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A Rose In The Twilight

Posted by GG Goblin On May - 2 - 2017

A little girl and her Golem friend try to escape a dark and broody castle.

While the Vita may never have quite reached the heights of success in this country, its continued popularity in Japan ensures that, for owners, there is a constant stream of strange and often wonderful games being brought over. Some of the strangest, and most interesting, come from developers Nippon Ichi. This brings us to A Rose in the Twilight, a puzzle platformer involving a young girl, a stone Golem, and lots of blood.


Players begin the game as a young girl named Rose who awakens in a dark and foreboding castle. Being stuck in a creepy castle is not where Rose’s troubles finish, as she also happens to have a thorn stuck in her back. This thorn gives her a power that will be needed to be used time and again to find her way out of the castle, and also discover the story of why she is there. Rose is very vulnerable, and the castle is a veritable death trap, but quite quickly she will come across an ally in the form of a stone Golem to help her through the trials that face her.

Perhaps one of the highlights of A Rose in the Twilight is the atmosphere that the game sets. There is an almost monochrome colour palette used to create the world, with the only real contrast being the brightly coloured blood that plays such an important role in the game. Still, the castle environments are unsettling, something which is amplified by the games minimal soundtrack. Add to this that Rose and the Golem move quite slowly, and some of the events of the game, and the atmosphere really ramps up to something quite disturbing. It is easy to become invested in the plight of this young girl, despite the slow drip of story, and A Rose in the Twilight becomes a very memorable little game.


As for the story, the player is given very little to go on. Little snippets of the story are hidden throughout the levels for the player to discover, but the main source comes from the bodies of those who have fallen. Rose’s special ability comes from the use of blood, and on finding a corpse she is able to extract the blood and trigger a cut scene that further hints at what is going on.

The core use of here ability however, comes from extracting or imbuing objects with blood. Rose is able to effectively carry one dose of blood with her, which is indicated by the red rose on her clothing that changes from white to red when blood is being carried. Red objects in the environment can have the blood removed from them to freeze them, while regular objects can be imbued with the blood to bring them to life. This simple mechanic will form the basis for the majority of the puzzles in the game, gradually getting more complex as the player has to negotiate various rooms and different components.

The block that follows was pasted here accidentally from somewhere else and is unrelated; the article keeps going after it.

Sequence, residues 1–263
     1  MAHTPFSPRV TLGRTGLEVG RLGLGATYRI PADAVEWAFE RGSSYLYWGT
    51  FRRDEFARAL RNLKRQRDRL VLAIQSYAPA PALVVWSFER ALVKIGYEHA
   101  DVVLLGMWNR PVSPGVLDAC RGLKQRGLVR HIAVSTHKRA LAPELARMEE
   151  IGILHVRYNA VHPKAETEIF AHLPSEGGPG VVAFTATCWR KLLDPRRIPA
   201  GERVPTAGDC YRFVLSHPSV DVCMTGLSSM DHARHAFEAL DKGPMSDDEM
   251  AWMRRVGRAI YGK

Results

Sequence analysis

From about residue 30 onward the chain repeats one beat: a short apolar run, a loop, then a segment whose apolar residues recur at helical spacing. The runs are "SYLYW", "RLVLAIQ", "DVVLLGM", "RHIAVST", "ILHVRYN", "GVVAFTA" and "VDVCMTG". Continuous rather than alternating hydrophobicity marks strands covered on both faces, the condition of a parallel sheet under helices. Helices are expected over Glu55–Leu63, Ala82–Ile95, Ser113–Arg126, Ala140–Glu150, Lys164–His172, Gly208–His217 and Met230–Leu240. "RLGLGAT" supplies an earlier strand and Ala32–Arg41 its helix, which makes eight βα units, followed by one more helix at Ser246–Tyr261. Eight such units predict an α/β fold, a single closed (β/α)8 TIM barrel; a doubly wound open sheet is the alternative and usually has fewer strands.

The other main puzzle component comes in the form of the Golem. Players can freely switch control between Rose and the Golem, making use of both Rose’s blood ability and the Golem’s near invulnerability. The Golem can wade through hazardous areas, such as those overgrown with thorns, while carrying Rose and keeping her safe. He can also pick up objects and throw Rose onto higher platforms that she could not reach otherwise. There is a thoughtful pace to most of the game that will allow players to survey and area and then plan their switches, but there are a couple of moments in the game when quick changing between the two characters will be required.


The most shocking moments in the game come from Rose’s blood ability. At times, the way forward will be blocked and Rose will have to make the ultimate blood sacrifice to proceed. Different means of execution will be present and Rose will have to effectively kill herself in order to bathe the blockage in blood and clear the way. Of course, Rose will respawn none the worse for wear. But still, watching this cute little girl put her head in a guillotine, or through a thorny noose, is quite disturbing, especially as the animation shows that even Rose is hesitant about what she has to do.

A Rose in the Twilight is only a short game, lasting maybe a half dozen hours depending on how long the player spends on the puzzles. However, there is a certain amount of exploration involved to find blood stains and trophies, so there is a good reason to head back in and extend the game.


A Rose in the Twilight is another quirky game from Nippon Ichi on the Vita. The slow and steady pace, along with the quite brutal things that the player is expected to inflict on this cute young girl, will ensure that it is not a game for everyone. However, if you fancy some puzzle platforming in an interesting setting on Sony’s under supported handheld, A Rose in the Twilight is a great little game that is well worth a look.




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